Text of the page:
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Marine vertebrate fauna from the late Eocene Samlat Formation of Ad-Dakhla, southwestern Morocco

  • SAMIR ZOUHRI (a1), BOUZIANE KHALLOUFI (a2), ESTELLE BOURDON (a2) (a3), FRANCE DE LAPPARENT DE BROIN (a4), JEAN-CLAUDE RAGE (a4), LEILA M'HAÏDRAT (a1), PHILIP D. GINGERICH (a5) and NAJIA ELBOUDALI (a6)...
Abstract
Abstract

Late Eocene deposits of the Samlat Formation, south of Ad-Dakhla city, southwestern Morocco, have yielded a mixed marine and terrestrial vertebrate fauna. Abundant and diversified chondrichthyans and archaeocete whales have been found, as well as the remains of sirenians and proboscideans. Here we describe the rest of this fossil assemblage which includes actinopterygians, turtles, palaeophiid snakes, crocodiles and pelagornithid seabirds. Actinopterygians are represented by at least two large-sized taxa, a scombroid probably close to the extant Acanthocybium or to the Eocene Aramichthys, and a siluriform related to the Ariidae. Turtles include at least four species represented by shell fragments. This mixed coastal and continental turtle fauna includes one littoral species of Podocnemididae, one or two deep-sea species of Dermochelyidae and one deep-sea species of Cheloniidae. Another turtle species is assigned to the terrestrial Testudinidae. Fragmentary crocodilian remains indicate the presence of undetermined eusuchians tentatively referred to Gavialidae and/or to Crocodylidae. Snake vertebrae are tentatively attributed to the genus Pterosphenus (Palaeophiidae) pending the discovery of new material. Avian remains belong to a large pseudo-toothed bird (Pelagornithidae). Pseudo-tooth morphology resembles that of the late Oligocene – Neogene genus Pelagornis. Additional bird remains are needed for a more precise taxonomic assignment. The fossil assemblage and palaeoenvironment of the upper Eocene deposits of the Samlat Formation appear closely related to those of the upper Eocene – lower Oligocene deposits of the Fayum (Egypt). The initial overview of this fauna provides an important contribution to the study of vertebrate evolution in North Africa near the Eocene–Oligocene transition.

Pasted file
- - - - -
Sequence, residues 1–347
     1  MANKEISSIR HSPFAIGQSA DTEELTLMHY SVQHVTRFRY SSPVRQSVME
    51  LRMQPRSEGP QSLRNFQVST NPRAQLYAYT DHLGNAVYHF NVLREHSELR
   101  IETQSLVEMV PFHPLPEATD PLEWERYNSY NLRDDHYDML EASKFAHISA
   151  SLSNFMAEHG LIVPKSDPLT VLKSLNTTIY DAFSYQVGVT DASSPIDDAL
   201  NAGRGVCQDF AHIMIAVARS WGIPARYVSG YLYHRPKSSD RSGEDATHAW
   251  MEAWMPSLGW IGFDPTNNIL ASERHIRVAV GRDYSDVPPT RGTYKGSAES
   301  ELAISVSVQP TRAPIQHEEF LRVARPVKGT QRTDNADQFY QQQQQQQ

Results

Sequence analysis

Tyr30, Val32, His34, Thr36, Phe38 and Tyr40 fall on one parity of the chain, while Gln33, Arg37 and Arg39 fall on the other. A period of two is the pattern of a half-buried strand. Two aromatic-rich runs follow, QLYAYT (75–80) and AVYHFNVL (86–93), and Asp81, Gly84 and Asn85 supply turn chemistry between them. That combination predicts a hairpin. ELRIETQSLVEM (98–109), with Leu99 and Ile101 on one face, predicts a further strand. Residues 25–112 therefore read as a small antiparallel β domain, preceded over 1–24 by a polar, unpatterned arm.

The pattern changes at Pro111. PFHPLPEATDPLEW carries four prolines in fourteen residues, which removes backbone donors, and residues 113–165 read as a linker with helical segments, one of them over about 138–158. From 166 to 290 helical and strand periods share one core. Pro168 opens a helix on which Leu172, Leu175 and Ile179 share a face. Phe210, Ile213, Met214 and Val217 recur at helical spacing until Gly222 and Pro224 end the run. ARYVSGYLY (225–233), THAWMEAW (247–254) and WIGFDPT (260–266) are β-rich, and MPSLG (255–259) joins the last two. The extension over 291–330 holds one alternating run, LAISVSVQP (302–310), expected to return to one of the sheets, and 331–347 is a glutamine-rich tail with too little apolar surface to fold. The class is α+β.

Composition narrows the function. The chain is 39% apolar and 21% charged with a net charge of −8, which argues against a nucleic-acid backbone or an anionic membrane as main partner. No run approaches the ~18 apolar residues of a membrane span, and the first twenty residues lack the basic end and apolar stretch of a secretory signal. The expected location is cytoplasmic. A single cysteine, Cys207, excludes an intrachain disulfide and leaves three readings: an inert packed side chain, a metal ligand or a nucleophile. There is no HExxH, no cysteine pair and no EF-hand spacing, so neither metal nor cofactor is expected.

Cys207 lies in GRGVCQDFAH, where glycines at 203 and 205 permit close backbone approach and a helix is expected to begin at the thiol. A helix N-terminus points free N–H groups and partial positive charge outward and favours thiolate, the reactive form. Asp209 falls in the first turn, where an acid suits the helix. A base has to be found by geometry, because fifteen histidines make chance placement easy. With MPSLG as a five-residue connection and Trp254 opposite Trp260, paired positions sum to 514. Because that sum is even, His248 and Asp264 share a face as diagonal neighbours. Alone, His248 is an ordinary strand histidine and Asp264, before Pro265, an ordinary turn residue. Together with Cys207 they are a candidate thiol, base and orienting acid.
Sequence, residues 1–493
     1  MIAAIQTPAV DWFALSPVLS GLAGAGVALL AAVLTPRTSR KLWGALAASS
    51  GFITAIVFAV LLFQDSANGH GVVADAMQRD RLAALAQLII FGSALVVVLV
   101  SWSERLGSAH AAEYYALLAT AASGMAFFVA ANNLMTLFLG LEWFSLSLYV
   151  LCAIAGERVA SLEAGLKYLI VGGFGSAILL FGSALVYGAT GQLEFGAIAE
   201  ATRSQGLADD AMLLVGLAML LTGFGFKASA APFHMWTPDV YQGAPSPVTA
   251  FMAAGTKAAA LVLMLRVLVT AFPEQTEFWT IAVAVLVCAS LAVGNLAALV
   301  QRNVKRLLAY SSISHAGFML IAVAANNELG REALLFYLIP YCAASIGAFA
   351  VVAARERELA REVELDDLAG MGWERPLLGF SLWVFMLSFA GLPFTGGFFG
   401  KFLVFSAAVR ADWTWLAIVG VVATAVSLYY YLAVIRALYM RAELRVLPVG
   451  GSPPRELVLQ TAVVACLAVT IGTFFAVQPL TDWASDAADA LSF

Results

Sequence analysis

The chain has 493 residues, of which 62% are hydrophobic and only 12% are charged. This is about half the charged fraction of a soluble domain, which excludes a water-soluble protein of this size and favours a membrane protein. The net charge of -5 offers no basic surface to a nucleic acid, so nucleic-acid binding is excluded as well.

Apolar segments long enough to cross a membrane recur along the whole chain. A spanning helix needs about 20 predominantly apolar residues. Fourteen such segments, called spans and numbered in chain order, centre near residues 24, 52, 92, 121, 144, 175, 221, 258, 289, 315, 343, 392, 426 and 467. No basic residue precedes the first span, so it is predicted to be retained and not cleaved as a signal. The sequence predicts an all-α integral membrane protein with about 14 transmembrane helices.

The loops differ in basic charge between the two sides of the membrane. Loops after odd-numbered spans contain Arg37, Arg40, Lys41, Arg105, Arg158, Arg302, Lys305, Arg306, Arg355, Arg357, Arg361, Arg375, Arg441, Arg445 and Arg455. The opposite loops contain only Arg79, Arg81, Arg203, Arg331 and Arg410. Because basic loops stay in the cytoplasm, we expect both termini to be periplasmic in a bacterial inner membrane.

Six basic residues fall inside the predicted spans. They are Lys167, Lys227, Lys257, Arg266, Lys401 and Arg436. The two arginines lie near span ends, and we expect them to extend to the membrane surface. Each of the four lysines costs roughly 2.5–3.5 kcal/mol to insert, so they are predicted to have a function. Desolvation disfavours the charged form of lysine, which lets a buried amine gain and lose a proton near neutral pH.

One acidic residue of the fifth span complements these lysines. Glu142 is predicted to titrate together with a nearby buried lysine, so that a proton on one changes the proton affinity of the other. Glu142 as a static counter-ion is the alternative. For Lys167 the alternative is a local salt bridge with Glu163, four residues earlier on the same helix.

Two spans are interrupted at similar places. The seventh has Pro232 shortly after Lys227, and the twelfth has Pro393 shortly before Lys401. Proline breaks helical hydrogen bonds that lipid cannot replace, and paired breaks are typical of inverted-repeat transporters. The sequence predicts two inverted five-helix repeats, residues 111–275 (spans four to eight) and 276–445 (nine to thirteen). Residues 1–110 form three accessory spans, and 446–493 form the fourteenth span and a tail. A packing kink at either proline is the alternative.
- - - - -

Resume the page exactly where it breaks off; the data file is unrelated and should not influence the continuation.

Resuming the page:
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Author for correspondence: s.zouhri@fsac.ac.ma
References
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